New Analyses Identify Predictive Biomarkers For Vectibix® (Panitumumab) In Patients With Metastatic Colorectal Cancer
Biomarker Analysis From Phase 3 PRIME (’203) Study and Phase 2 PEAK (’509) Study Link Additional RAS Gene Mutations to Vectibix Clinical Response
THOUSAND OAKS, Calif., May 15, 2013 /PRNewswire/ — Amgen (NASDAQ:AMGN) today announced results from three analyses of Vectibix(®) (panitumumab) in combination with FOLFOX, an oxaliplatin-based chemotherapy regimen, as a first-line treatment for metastatic colorectal cancer (mCRC). These analyses include the description of new predictive biomarkers of clinical response to Vectibix, activating mutations in KRAS (beyond exon 2) and mutations in NRAS, collectively referred to as RAS.
“Amgen helped establish KRAS gene mutation as a biomarker for lack of response to anti-EGFR treatment,” said Sean E. Harper, M.D., executive vice president of Research and Development at Amgen. “The identification of new biomarkers may further help to identify appropriate patients with this incurable disease for such treatment.”
The RAS biomarkers were identified in a predefined retrospective subset analysis of the PRIME trial, where RAS was defined as exons 2, 3 and 4 of KRAS and NRAS. Mutational status of tumors was determined by Sanger sequencing in parallel with WAVE®-based SURVEYOR® Scan Kits (CRC RAScan(TM)) from Transgenomic, Inc. (TBIO). In this exploratory analysis, patients with wild-type RAS mCRC who were administered Vectibix in combination with FOLFOX demonstrated an improvement in median overall survival (OS) of 26.0 months compared to 20.2 months for patients treated with FOLFOX alone (HR = 0.78, 95 percent CI, 0.62-0.99).
Patients with mutant RAS tumor status had inferior progression-free survival (PFS) (HR = 1.34, 95 percent CI, 1.07-1.60) and OS (HR = 1.25, 95 percent CI, 1.02-1.55) when administered Vectibix in combination with FOLFOX chemotherapy versus FOLFOX alone. These results suggest that RAS mutation status beyond KRAS may be predictive of negative outcomes in patients receiving Vectibix plus FOLFOX in mCRC. Amgen is working to inform investigators and physicians of this important new safety information, as well as working with regulatory agencies regarding appropriate communication of the outcomes of this analysis.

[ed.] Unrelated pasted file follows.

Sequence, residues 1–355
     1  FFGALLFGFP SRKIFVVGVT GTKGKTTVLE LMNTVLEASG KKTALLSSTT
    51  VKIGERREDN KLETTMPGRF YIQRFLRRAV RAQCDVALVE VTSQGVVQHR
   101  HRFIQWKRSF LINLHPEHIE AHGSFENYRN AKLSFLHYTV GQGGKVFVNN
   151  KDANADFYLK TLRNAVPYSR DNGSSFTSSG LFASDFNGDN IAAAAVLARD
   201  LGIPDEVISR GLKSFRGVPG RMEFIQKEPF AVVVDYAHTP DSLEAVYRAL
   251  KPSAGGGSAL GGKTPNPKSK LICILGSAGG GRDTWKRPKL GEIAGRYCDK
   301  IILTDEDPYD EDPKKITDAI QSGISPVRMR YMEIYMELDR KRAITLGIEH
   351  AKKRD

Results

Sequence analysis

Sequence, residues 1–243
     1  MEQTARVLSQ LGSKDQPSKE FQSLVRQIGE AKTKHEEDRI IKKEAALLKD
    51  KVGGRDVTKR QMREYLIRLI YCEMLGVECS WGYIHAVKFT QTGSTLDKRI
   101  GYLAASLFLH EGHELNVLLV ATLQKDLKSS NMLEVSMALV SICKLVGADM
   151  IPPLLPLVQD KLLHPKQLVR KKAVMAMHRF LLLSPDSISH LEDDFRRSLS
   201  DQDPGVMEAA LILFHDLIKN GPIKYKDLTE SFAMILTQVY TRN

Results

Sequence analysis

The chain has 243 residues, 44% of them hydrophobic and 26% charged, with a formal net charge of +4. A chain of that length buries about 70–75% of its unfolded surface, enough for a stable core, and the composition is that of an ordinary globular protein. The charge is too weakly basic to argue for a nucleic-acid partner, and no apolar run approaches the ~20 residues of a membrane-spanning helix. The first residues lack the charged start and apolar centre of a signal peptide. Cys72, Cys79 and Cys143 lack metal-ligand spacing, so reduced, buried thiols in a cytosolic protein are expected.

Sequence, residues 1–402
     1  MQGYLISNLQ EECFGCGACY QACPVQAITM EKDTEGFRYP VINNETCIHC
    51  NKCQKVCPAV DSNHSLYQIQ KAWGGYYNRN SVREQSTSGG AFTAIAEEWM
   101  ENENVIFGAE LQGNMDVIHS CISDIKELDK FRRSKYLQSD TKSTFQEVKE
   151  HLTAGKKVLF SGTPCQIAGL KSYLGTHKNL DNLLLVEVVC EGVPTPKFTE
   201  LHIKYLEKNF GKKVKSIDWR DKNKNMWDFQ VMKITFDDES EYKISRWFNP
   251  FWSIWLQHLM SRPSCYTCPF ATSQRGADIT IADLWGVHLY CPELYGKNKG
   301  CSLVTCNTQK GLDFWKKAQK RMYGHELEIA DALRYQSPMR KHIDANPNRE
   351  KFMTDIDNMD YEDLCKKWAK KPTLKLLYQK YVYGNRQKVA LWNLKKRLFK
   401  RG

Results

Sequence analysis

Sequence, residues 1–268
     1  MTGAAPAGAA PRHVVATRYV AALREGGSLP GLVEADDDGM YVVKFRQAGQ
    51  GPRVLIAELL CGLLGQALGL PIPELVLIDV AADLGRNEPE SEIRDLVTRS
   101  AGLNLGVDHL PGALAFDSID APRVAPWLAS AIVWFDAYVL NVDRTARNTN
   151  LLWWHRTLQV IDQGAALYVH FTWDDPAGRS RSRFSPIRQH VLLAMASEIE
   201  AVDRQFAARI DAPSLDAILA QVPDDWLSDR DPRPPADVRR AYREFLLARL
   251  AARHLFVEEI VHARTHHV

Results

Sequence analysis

Results of this study will be presented at the 2013 American Society of Clinical Oncology (ASCO) Annual Meeting on Tuesday, June 4, 8:00 a.m. – 12:00 p.m. CDT, S405 (Abstract No. 3511; Poster Discussion).
In a separate and updated exploratory analysis of longer follow-up of OS of the PRIME trial (primary endpoint of PFS), an improvement in OS was observed in patients with wild-type KRAS exon 2 mCRC treated with Vectibix in combination with FOLFOX. Median OS was 23.8 months compared to 19.4 months for patients treated with FOLFOX alone (HR = 0.83, 95 percent CI, 0.70-0.98). In both PRIME analyses, the most commonly reported adverse events for the Vectibix treatment arms included rash, hypomagnesemia and diarrhea. The adverse event profiles for the wild-type tumor and mutant tumor populations were similar.
Updated results of the study will be presented at the 2013 ASCO Annual Meeting on Sunday, June 2, 8:00 a.m. – 11:45 a.m. CDT, S Hall A2 (Abstract No. 3620; Poster).